I’m just going to say it. Most fight scenes in books are boring.
Large scale battles or one-to-one combat, they’re boring. At least in movie fight scenes, the audience gets spectacle. In books, you don’t even have that. Instead, in a book, story is happening. Then the story stops for three pages while people hit one another. Then the story starts again. Boring.
Battle scenes as process scenes
The tedium of most written fight scenes is a subdivision of the tedium of most descriptions of process. I love Lois Lowry, but Son had an entire chapter devoted to the process of a character climbing a cliff, hand hold by hand hold, step by step. I read a few paragraphs and skipped it.
And yet, sometimes a fight scene (and probably other process scenes) work.
I recently read Leigh Bardugo’s Wonder Woman: Warbringer, and the first battle Diana engages in drew me in. After reading it, I had to sit back and think about how Bardugo did that.
First, some of the steps in the battle surprised me, starting with the arrival of the attackers. Diana and her friends are at a party in a high-rise when the bad guys rappel in through the windows. And being Wonder Woman, she runs toward the bullets rather than away, which you must admit you don’t usually see a combatant do.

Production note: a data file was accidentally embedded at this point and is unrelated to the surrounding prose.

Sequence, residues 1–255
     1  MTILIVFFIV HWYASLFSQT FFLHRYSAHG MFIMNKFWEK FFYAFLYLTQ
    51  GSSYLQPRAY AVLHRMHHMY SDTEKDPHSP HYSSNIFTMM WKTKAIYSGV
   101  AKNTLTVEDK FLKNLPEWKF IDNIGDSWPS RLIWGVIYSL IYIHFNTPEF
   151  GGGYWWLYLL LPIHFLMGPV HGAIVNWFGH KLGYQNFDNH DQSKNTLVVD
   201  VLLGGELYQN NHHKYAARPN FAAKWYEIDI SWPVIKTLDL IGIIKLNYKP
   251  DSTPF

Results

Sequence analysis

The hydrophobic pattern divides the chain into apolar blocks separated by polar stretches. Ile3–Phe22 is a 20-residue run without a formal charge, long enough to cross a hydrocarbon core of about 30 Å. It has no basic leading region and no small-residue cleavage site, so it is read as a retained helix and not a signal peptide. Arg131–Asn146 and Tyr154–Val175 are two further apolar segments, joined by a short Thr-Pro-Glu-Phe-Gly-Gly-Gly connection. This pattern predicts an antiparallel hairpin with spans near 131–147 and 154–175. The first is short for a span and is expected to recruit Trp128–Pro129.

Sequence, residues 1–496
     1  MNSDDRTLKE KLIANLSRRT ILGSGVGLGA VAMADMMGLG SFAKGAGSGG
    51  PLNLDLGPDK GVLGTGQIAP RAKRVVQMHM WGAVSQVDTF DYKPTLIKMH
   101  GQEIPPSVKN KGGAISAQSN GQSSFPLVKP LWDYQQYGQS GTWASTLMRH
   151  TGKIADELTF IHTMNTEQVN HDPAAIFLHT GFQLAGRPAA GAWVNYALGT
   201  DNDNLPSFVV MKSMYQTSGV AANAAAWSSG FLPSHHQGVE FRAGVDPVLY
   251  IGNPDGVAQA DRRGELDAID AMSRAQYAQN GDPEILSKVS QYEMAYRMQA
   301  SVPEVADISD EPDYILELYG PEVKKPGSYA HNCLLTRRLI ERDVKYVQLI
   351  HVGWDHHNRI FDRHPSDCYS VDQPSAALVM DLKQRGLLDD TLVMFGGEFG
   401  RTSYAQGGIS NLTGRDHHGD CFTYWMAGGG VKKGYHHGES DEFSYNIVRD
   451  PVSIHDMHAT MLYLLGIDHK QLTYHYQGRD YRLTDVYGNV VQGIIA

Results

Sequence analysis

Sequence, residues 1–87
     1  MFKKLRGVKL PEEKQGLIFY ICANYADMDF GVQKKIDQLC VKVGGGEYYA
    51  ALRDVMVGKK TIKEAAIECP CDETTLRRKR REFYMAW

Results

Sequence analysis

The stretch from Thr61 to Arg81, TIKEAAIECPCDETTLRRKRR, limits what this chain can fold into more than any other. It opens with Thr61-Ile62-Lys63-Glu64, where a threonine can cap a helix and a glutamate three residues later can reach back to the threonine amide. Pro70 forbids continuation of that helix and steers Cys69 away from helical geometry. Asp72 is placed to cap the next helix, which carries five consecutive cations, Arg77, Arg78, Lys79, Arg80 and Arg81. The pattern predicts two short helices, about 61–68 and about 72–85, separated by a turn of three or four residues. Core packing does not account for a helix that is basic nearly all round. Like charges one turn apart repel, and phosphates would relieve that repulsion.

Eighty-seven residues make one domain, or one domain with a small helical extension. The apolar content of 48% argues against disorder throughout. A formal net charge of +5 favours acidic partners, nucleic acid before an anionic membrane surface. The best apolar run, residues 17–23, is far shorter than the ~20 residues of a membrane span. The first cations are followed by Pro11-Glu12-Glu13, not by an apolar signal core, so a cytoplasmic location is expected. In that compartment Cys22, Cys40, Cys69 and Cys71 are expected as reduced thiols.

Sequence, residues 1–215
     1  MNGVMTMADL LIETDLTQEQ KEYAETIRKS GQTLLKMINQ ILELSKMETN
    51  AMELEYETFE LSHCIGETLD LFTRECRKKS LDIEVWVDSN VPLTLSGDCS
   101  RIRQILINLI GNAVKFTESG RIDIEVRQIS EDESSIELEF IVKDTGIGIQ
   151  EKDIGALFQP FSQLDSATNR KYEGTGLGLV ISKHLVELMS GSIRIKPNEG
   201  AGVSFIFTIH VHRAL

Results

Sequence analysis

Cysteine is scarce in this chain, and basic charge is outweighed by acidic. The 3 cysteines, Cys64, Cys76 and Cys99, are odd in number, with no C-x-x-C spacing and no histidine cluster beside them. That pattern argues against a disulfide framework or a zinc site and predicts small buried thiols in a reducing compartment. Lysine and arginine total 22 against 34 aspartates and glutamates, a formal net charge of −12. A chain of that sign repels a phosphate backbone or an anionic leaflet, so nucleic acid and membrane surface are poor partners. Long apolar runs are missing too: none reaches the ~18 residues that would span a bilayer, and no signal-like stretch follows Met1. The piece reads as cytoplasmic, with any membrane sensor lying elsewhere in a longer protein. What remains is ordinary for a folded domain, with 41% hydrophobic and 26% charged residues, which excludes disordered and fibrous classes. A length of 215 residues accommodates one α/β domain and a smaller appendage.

Related to surprise, Diana uses cleverness to win. She gets her friends to leave through the back of the room because all the other guests crowd around the entryway. She has no shield, so she makes one. Given who she is, she wrenches up a floor tile, but another character could probably come up with a non-superhero alternative.
An inner arc
Most important, I think, Bardugo keeps the focus tight to Diana, and she gives the battle an inner as well as an outer arc. Warbringer is set even before the recent movie (Diana’s memory is wiped at the end), so it’s an origin story, and in every moment of the battle, Diana is learning what she can do both physically and emotionally.
Finally, Bardugo keeps the battle relatively short so her story doesn’t bog down. She remembers that every word has to contribute to plot, character, or theme.
So surprise, cleverness, closeness to a character, an inner as well as outer arc, and brevity: they add up to a battle even I liked. Kudos to Bardugo.